Then on reflection, it occurred to me that 16 percent of these newsletters are returned as undeliverable. Probably a good half are intercepted by some other party at the addressee’s home with a strong vested interest in bypassing all the steps between mail delivery and refuse removal. Another 19 percent make it to the intended target as another thick piece of faceless direct mail, perhaps causing a raised eyebrow a nanosecond before they begin their decent into that same oblivion. If my calculator is working, that leaves 15 percent of you, maybe, who actually see the inside. From this select group, adding the twelve of you who have told us you read it cover to cover (bless you and please seek help) to the six percent who will only read a story accompanied by a picture and factoring in those of you who are interested in what we like for music, I realized I might as well invite you into our listening room and play this damn record for you rather than write about it, but we live for our delusions. So I muster my courage and nominate Nic Jones’ “Penguin Eggs” in print for all to see. I know… Not one “amen.” High fives aborted in midair. It’s a life devoid of celebrity we lead, we guardians of art.

I can’t deny a strong factor in my enthusiasm for this record is the serendipity of its discovery. As a Rega dealer in 1984, I was virtually forced to stock the recordings selected by Rega as worthy of the attention of the world. Given the testiness of their US importer, I willingly succumbed to a onesy, twosy order of twenty or so titles. It was an odd box of vinyl that arrived, but I hung them on the wall to see what would sell. One night I snatched this record down and took it home to listen to because I was tired of old Nic looking up at me. A true grab bag special.

So where do we talk about what kind of guitars and microphones they used? And how about the band member resumes? Forget it. I don’t know a single thing about this recording technically except that it sounds good: woody, dense and intimate. I have never heard of any of the few musicians who contributed to it. I have serendipped across no other Nic Jones records before or since. But I do not fear that it will fail to meet any of the above criteria for selection. Besides, another fantasy is that reviews suddenly get very simple: DO or DON’T. Like Goofus and Gallant. Or Glamour magazine. Siskel and Ebert seemed to have it briefly, but now there are “Two thumbs up, way up!,” “Two very enthusiastic thumbs up,” etc. I’m waiting for, “Two rather indignant thumbs tilting downward.”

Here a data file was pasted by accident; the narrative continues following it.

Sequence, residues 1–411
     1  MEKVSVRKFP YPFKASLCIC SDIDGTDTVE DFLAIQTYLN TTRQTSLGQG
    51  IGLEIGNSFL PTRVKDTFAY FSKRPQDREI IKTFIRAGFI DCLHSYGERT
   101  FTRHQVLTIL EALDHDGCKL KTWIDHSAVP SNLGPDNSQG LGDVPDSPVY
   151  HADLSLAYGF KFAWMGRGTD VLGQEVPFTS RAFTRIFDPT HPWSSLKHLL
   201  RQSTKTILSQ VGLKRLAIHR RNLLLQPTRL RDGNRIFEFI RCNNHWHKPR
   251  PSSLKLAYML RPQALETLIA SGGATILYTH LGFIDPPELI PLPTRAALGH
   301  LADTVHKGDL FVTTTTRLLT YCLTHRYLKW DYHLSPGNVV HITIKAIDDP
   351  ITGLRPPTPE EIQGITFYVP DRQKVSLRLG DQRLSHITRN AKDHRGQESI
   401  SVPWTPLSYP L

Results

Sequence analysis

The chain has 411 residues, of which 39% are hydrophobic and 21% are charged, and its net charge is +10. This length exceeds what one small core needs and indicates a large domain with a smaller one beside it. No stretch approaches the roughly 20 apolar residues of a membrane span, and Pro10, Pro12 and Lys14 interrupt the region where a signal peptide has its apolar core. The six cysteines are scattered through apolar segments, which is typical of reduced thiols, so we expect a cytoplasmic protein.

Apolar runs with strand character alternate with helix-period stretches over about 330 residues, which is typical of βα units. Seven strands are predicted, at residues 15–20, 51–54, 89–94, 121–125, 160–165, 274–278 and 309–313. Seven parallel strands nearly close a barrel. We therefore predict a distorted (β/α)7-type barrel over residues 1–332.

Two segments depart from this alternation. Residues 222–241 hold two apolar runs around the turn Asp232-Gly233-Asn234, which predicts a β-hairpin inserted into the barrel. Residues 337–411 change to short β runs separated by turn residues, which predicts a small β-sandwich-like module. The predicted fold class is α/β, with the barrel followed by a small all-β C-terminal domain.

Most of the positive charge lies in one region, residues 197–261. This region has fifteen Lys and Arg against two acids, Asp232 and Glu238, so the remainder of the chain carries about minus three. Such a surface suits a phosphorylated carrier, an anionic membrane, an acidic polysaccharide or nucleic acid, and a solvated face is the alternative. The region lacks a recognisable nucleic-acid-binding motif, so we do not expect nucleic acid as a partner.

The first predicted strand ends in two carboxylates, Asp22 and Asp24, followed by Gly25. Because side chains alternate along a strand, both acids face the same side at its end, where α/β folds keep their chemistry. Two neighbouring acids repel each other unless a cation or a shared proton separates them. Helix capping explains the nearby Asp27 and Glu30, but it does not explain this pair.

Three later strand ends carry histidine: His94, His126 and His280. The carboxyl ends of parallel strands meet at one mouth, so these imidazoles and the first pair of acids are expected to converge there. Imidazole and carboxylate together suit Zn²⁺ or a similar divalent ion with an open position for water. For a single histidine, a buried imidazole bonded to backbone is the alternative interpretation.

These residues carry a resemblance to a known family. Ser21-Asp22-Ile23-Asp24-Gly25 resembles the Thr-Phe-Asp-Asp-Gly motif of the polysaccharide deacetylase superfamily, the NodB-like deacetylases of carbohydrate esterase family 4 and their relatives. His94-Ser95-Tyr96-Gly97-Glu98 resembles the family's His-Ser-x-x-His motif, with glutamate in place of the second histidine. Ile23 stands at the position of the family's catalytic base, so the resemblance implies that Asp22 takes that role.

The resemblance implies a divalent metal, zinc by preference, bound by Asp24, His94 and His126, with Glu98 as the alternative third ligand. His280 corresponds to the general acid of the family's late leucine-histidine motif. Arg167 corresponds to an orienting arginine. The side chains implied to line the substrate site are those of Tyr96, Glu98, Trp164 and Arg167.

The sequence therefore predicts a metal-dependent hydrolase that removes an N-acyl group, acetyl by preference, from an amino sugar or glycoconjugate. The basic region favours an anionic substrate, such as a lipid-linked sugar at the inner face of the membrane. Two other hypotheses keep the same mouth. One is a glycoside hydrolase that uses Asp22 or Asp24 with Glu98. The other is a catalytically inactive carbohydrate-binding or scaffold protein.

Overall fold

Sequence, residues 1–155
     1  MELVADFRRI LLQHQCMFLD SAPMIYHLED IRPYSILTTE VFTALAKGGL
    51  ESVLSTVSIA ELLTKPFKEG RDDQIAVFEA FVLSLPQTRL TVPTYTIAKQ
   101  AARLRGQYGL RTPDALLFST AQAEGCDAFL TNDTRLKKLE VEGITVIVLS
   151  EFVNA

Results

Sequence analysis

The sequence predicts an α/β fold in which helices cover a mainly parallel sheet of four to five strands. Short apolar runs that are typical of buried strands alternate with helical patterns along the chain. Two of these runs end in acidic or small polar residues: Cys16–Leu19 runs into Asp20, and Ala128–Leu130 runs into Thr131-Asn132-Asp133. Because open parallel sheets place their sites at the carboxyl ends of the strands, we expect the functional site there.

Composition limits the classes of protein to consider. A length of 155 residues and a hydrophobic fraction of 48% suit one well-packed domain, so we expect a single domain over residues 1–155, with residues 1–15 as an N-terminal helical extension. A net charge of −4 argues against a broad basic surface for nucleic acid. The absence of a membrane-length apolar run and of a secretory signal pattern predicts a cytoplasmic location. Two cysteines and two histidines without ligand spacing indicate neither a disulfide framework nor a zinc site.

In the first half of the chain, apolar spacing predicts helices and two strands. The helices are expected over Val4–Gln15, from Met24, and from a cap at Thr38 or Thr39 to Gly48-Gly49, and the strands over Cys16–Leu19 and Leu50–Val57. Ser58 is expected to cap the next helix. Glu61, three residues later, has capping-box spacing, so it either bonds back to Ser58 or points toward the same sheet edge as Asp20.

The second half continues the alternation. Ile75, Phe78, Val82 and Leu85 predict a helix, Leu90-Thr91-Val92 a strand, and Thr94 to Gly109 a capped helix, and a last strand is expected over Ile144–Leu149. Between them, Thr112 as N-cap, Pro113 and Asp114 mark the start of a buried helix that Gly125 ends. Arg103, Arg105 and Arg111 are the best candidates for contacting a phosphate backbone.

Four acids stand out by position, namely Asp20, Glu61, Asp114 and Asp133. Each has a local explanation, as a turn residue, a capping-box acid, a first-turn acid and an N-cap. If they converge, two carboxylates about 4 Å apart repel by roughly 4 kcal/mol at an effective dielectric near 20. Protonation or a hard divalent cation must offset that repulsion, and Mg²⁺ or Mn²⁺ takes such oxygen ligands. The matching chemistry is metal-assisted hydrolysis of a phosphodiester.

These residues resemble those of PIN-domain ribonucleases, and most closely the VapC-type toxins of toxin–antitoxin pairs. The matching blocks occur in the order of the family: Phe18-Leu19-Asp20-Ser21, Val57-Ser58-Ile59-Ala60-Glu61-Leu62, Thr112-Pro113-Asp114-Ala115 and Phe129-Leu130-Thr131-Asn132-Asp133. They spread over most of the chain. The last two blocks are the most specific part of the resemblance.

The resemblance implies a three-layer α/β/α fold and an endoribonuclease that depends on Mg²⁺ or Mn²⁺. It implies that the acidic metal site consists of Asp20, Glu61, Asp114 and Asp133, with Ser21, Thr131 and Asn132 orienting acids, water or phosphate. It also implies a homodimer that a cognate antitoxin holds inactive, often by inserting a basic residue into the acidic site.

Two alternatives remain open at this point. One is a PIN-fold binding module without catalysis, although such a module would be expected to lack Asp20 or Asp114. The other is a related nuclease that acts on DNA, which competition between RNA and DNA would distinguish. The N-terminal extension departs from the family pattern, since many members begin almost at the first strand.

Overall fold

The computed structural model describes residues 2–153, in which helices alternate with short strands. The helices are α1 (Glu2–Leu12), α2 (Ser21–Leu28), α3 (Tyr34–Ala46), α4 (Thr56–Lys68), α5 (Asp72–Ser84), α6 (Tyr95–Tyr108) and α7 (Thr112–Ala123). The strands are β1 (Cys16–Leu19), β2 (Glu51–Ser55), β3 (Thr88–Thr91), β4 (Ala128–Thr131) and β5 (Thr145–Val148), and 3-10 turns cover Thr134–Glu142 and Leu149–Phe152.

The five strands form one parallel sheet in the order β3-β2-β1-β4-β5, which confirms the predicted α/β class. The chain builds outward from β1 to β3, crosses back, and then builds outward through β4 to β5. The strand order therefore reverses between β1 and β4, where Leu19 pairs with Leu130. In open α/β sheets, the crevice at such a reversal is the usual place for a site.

As for “Penguin Eggs, ” may I just say DO. Especially if:

-Fall is your favorite season.

-You pronounce Celtic with a “k” at the beginning.

-Literature with a maritime theme is in your wheelhouse.

-You cringe when you hear the term “folk music” nowadays mostly because it’s applied to people with no ability, no soul and too much enthusiasm.

-You like deciphering the meanings of old words from context.

-Music soothes you and takes you away.

-Guinness is a beverage, not a book.

-When you retire, you’ll move north.

-Fishing beats golfing.

-Recordings should be documents of artists’ work.

-Producers should be drawn and quartered.

-Hard work is its own reward.

Format-wise: Topic LP: the music comes through with flying colors. Topic CD: the music comes through in all the 16 bit colors it can paint. Shanachie CD: slightly aggravating because it is the worst of the three, but the music still transcends. We’ll stock the Topic CD and try for the LP.

Can I get an “amen?” And maybe a wee dram of your best Highland single malt.

Originally written December 2013

Note- Since this was written, I have spent a goodly sum chasing and acquiring all of Nic’s solo records, the rarest records I have ever sought. Each one rewards immensely. For the fascinating story behind the man, check out for a thorough discography, see